Stoke Newington has a thriving Turkish community, and with its grand domed mosques, it’s coffee shops selling freshly baked Anatolian delicacies, and it’s traditional Turkish Hamaam tucked away in a side street, I sometimes feel as if I’ve been transported to Turkey itself.
I’ve been to Istanbul once before, and during the Autumn half term Team Haloodiefoodie decided to revisit the land where East meets West; the land of the Sultans and the Ottomans. Istanbul is a short 3.5 hour flight from London, so if you catch an early morning flight, you’ll still have plenty to explore on your first day.
The Sultan Ahmed area is the cultural heart of the city. It’s only a 30 minute taxi drive from Istanbul’s Ataturk Airport, and has many hotels. I would suggest you stay in a 3-star hotel, which usually serves a simple but hearty Turkish style breakfast of cheese, sour cherry jam, honey, eggs and bread.
The hotels in Sultan Ahmed are within walking distance of the main Istanbul attractions: Topkapi Palace, Sultan Ahmed Camii (the Blue Mosque) and the Hagia Sophia.
I recommend getting a Muze Card for 85TL (£20), which gives you access to a range of attractions including Topkapi and Hagia Sophia. More information can be found here:
Topkapi Palace housed the Ottoman Sultan, his family and various service personnel. It is by far the most popular attraction with beautiful Ottoman Architecture and ornate furnishings. I recommend starting your tour of Istanbul here. I was in the ticket queue for 2 hours during my first visit!! This time, I avoided the queues by reaching the palace at 9am, and I was one of the first to purchase our Muze cards. Topkapi contains 4 main courtyards, various receiving rooms, and the Sultans private quarters. It also contained mosques, kitchens, the Treasury, bathing pools and a hospital!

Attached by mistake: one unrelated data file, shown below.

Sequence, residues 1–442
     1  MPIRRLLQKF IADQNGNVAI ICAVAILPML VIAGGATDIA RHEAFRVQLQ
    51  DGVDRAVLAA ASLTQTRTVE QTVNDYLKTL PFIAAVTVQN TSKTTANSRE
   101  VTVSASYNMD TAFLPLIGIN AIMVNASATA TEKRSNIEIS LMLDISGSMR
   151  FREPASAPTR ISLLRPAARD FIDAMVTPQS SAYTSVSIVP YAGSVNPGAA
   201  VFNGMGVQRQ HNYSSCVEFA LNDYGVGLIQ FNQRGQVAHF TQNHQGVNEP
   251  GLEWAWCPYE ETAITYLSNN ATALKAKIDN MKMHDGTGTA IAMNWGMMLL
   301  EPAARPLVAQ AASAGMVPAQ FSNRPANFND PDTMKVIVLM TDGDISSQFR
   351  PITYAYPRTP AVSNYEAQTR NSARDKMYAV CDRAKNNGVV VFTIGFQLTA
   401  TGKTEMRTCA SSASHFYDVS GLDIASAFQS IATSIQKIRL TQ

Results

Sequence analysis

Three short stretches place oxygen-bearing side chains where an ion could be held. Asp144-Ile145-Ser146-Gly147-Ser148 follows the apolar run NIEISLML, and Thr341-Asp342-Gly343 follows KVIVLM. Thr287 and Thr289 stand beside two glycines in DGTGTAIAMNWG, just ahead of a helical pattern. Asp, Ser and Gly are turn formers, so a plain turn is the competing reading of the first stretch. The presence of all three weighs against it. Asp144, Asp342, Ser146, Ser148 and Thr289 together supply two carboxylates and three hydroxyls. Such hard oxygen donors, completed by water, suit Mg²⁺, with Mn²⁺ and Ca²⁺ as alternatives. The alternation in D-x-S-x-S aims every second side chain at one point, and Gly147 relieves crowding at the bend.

The views overlooking the Golden Horn and the Bosphorus are breathtakingly beautiful!
The Palace also houses the Sacred Relics which include the cloak and Sword of Rasullah SAW, as well as other relics such as the Staff of Musa AS and the Turban of Yusuf (AS). No photography is allowed in the Sacred Relics section.
There’s so much to more see, you can easily spend a few hours in Topkapi, soaking up life in Ottoman Times!!!
Hagia Sofia was originally a Greek Orthodox cathedral with Byzantine architecture. It was converted into a Mosque and is now a museum. It has high domed ceilings, marble pillars and Mosaics depicting Jesus, the Virgin Mary, John the Baptist and other nobles.
Sultan Ahmed Camii (The Blue Mosque).
The Blue Mosque is also in the same vicinity, I suggest you visit at a prayer time to hear the call to prayer echoing around the high domed ceilings. Stay after the prayer for the impressive recitation of the Imaam.
Sunset Bosphorus Cruise
The sunset tour of the Bosphorus was another highlight of our trip. The most picturesque time to start the tour is about an hour before sunset. We boarded from Eminonu (A few stops on the tram from Sultan Ahmed). Eminonu is a busy transport hub, with ferries to the Asian Side of Istanbul and a bus station. (You can also take the 99A bus to Eyup Sultan from Eminonu).